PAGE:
Kroger's Fresh Evolution

New stores offer hot prepared food alongside fresh fill-in, with room to grow

Samantha Oller, Senior Editor/Fuels, CSP

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Sign of the Times: In the Loaf ‘N Jug division, testing of the fill-in shop concept began at its Fountain, Colo., store. “We’re trying to provide that one-stop shop for the customer who’s looking for a place for that fill-in shop: fresh produce, meat, meal solutions, whether it be hot meal solutions or expanded grocery, expanded frozen,” says Art Stawski, president of Loaf ‘N Jug.

Striking a Balance: The Loaf ‘N Jug team is still learning how to balance the mix of items in the produce section that serve grab-and-go vs. take-home occasions. Fortunately, the team’s association with King Soopers has proven to be a huge advantage. “We’ve been able to use their expertise on product selection,” says Stawski, “but they’ve also helped us with training, merchandising and employees. This isn’t a product selection you can just throw in. It has to be worked.” For example, King Soopers’ produce specialists helped Loaf ‘N Jug create a produce training manual that guides store associates on how to merchandise and maintain the product.

Take It Home: In the rest of the store, the fill-in shop is served with take-home sizes of cookies, snacks and grocery items. Six cooler doors alone are devoted to frozen dinners. The store also has monthly promotions on Kroger private-label grocery items, tied into the seasons, such as a grilling promotion in the summer and a baking promotion during the winter holidays.

Fountain of Youth: “The opportunity with fountain is to get the right number of heads in stores, and we’ll spend a lot of time around that this next year,” says Rod Taylor, director of c-store foodservice for Kroger Convenience. The team will know it has hit the right number, he says, by the store’s overall fountain sales and its customer base, which for this category tilts heavily toward millennials. To this end, it also plans to experiment with new flavors and marketing campaigns, and leverage social media to promote the category. “It’s understanding what best-in-class we have internally, looking at what the competition is putting forth, and what our strategy needs to be going forward,” says Taylor of the effort.

Pizza Please: At the Real Time Café in the Colorado Springs Loaf ‘N Jug, pizza has a big presence, with several pies behind the bar, including a breakfast pizza. However, it’s not an offer fit for every store, says Taylor.

For example, the Colorado Springs site has a large in-store kitchen that provides room for the program and its in-store prep. “We have different models around the pizza program to be able to support store operations,” says Taylor.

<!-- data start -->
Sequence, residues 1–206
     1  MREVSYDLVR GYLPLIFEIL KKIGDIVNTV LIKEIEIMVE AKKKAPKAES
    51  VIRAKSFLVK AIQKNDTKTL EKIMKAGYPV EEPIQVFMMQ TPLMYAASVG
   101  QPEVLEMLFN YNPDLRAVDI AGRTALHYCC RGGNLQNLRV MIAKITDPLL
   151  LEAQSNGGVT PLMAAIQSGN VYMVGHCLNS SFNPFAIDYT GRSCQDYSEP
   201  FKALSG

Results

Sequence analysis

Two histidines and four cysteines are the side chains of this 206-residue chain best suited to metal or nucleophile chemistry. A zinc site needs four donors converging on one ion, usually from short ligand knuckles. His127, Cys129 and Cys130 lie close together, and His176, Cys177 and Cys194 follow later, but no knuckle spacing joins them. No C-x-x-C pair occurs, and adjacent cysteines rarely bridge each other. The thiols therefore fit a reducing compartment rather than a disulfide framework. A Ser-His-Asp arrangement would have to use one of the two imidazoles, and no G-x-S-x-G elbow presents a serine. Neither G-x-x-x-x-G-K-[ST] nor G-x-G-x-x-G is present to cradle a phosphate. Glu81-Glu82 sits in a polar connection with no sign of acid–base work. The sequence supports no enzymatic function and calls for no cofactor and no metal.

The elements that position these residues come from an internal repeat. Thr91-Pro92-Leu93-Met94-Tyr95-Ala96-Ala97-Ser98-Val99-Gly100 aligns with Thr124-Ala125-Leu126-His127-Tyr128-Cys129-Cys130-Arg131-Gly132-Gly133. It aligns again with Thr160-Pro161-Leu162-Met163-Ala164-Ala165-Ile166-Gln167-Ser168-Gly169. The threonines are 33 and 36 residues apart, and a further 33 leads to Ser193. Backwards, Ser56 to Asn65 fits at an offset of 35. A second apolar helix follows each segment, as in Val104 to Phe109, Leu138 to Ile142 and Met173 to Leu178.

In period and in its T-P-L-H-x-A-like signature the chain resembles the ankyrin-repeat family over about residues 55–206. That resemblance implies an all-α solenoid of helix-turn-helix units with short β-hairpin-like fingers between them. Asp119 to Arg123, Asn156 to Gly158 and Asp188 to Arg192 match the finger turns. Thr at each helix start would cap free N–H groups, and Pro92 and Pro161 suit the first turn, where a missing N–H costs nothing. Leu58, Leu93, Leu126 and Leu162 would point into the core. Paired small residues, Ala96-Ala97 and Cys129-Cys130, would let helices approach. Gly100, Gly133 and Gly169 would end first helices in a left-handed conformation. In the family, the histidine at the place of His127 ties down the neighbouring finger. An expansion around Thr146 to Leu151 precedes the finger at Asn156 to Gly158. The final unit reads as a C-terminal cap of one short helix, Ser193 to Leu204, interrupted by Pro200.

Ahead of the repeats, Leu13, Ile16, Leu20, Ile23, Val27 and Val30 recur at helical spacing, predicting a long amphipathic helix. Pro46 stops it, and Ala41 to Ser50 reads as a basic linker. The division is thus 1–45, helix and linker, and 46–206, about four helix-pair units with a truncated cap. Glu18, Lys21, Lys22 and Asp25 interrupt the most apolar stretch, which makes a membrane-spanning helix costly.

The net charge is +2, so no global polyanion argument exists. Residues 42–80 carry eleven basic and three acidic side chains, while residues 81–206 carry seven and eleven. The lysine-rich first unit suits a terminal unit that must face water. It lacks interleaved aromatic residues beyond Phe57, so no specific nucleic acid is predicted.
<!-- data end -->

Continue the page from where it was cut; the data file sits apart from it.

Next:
A Chester’s Fried Chicken program, breakfast sandwiches, made-to-order subs, cheeseburgers and sides round out the menu. At the Colorado Springs site, chicken tenders are the top-selling foodservice item.

Here too, just as with the fresh program, Loaf ‘N Jug coordinates its foodservice program with King Soopers. “We try to stay in balance with what we’re doing at King Soopers,” which helps to better leverage the relationship, Taylor says.

Rolling Out: Kroger Convenience recently hired a category manager to oversee roller grill for the divisions and examine opportunities that it can take across the banners. This includes a focus on bringing freshness to the category in 2014.

Regardless, don’t expect the retailer to explode its menu. “We want to be about simple, and it’s not going to be about a whole bunch of different varieties,” says Taylor. “And the whole store’s like that. It gets back to that fill-in mentality.”

Getting Fresh: One of the first impressions upon walking into the Colorado Springs Loaf ‘N Jug is an emphasis on freshness. Indeed, the site’s large produce and meats section greets customers as soon as they enter. But it’s an area that is under constant evolution. “We are learning more and more every day what products we need in this section,” says Stawski, who points out that, based on customer feedback, the assortment has changed several times since the site has been open.

For example, the Loaf ‘N Jug site brought in winter squash and pumpkins last fall based on customer requests. For such products, the c-store division leans on its relationship with its local supermarket sister, King Soopers, to optimize its produce assortment.

“We work probably quarterly with King Soopers to look at their top-selling produce items,” says Suzanne Berger, category manager for produce, candy, snacks and ice cream at Loaf ‘N Jug. “We’re pinging against their database and matching ourselves up.”

A recent matchup: Loaf ‘N Jug switched from stocking random-weight, loose carrots to packaged baby carrots after learning that it was a top-selling item at King Soopers. It also introduced bagged russet potatoes, a top seller at King’s, and saw strong sales in the c-store.

Not every supermarket success translates to the fill-in shop occasion, however. For example, the Colorado Springs Loaf ‘N Jug originally stocked a selection of organic fruit—berries, bananas, apples—because it sold so well at King’s. But low sales, high waste and a lack of customer interest convinced the team it wasn’t the right offer for the site.


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